Refugees are not all young and strong men as recently claimed by US Republican candidate Donald Trump. According to recent UNHCR figures, last January a majority of refugees arriving in Europe were women and children. Many others stay behind in massive refugee camps set up in neighbouring countries, where women and children are typically hit the hardest by poverty, unequal access to food, poor health and sanitary conditions and unsafety.
The Global Progressive Forum intends to highlight the dramatic situation of women, child and LGBTI refugees, who are the most vulnerable amongst asylum seekers. Here you can find the programme of the GPF Conference in Istanbul on the 18-19th of February 2016.
Médecins Sans Frontières (MSF has withdrawn from the initial reception facility in Pozzallo, Italy, due to inadequate conditions.
People at the Dobova train station in Slovenia (1,000 per train) do not have access to toilets for several hours as facilities are locked on non-running trains. Thousands of asylum seekers have been waiting for weeks in the airport hall of Berlin-Tempelhof for showersto be installed.
The hasty onward transfer of refugees in Croatia leaves no opportunity for people to rest or for the authorities to identify those vulnerable and provide support (EU Agency for Fundamental Rights, December 2015).
Female refugees live in the same harsh conditions as male refugees, but on top of that they also face discrimination, sexual violence, human trafficking, and maternal and reproductive health problems. In fact, the harder the living conditions of refugees are, the more female refugees are at risk of further gender related discrimination and abuses.
While civil society organisations, international organisations and community, including the EU, are putting forward support and solutions for refugees, the gender dimension is often missing.
The EU and Turkey should earmark funds for tailored and sustainable solutions for women and by women.
According to Europol, 10,000 children travelled alone to Europe and have disappeared and there is evidence that some are being sexually exploited.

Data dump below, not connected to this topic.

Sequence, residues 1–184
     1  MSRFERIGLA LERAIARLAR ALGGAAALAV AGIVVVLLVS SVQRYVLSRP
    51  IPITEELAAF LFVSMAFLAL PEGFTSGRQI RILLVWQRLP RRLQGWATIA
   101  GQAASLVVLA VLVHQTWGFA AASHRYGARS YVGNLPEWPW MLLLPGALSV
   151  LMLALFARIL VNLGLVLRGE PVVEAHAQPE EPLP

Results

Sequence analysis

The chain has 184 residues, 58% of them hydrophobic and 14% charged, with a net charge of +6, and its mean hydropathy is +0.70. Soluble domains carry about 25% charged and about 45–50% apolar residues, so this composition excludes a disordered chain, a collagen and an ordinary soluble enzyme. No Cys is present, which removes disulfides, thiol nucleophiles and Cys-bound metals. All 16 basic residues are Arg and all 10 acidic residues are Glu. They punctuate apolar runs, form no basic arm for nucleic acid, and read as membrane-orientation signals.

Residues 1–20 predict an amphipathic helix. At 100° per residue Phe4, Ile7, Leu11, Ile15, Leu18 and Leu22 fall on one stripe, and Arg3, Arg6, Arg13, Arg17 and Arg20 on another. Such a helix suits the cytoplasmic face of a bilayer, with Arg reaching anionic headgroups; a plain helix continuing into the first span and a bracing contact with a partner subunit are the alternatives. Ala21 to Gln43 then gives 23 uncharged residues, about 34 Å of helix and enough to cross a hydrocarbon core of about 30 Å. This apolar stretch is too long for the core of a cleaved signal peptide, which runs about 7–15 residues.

The EU and Turkey must strengthen child protection and uphold their right to education.
In Bulgaria, asylum seeking children continue to be outside the education system, and in Germany, children wait forseveral months before accessing compulsory education (EU Agency for Fundamental Rights, December 2015).
An entire generation of child refugees is at risk of analphabetism and therefore remaining forever victim of their refugee status . HRW reported that 400,000 refugee children in Turkey are not attending school: https://www.hrw.org/news/2015/11/08/turkey-400000-syrian-children-not-sc...
Refugees must rebuild their lives again. They need skills and training to help them adjust to their new circumstances, integrate into communities and thrive. Education is a basic human right for all children, and it is especially important that refugee children receive schooling because it creates a sense of security and hope, which is often lacking in refugee settings. In a refugee camp, education is the only hope.
Last year 26,000 unaccompanied minors arrived in Sweden (equal to 1,000 schools). Delays in appointing guardians to unaccompanied children have been reported. In Slovenia and Austria unaccompanied children have had to sign documents on applicable procedures even though they might not fully understand what they have signed.
There are already asylum standards (international and EU) which include the rights of LGBTI asylum seekers, but there is a lack of implementation on the specific situation relating to the current refugee crisis in the Middle East.
LGBTI refugees go through a complicated and long process when they leave their countries, applying for resettlement in the Middle East. It is very important to identify core recommendations to the EU and its Member States asylum authorities, as well as to the Turkish government.
The EU should speed up the screening of vulnerable refugees and guarantee the rights and not discriminate against LGBTI refugees, prioritizing the recognition of gender-specific persecution experiences, as well as gender mainstreaming in relocation and resettlement programmes.
Five urgent recommendations to the EU institutions, countries, regions and neighbouring countries:
- Screening and priority lanes for vulnerable applicants with special attention to single women, children, LGBTI people and people with disabilities.
- Urgently develop and implement a specific gender strategy for refugees encompassing sexual, health, safety, discrimination, cultural, and economic issues. Important that LGBTI people and women refugees are empowered and have an active role in this strategy. The granting of EU funds to Turkey should be linked to the development and implementation of such a strategy.
- Immediate asylum and protection to victims of sexual assaults and rejection of harassers' applications.
- Child protection: identify within 24 hours a mentor responsible for each unaccompanied child.
- Child education: compulsory integration into the school system of child refugees within two months from their arrival.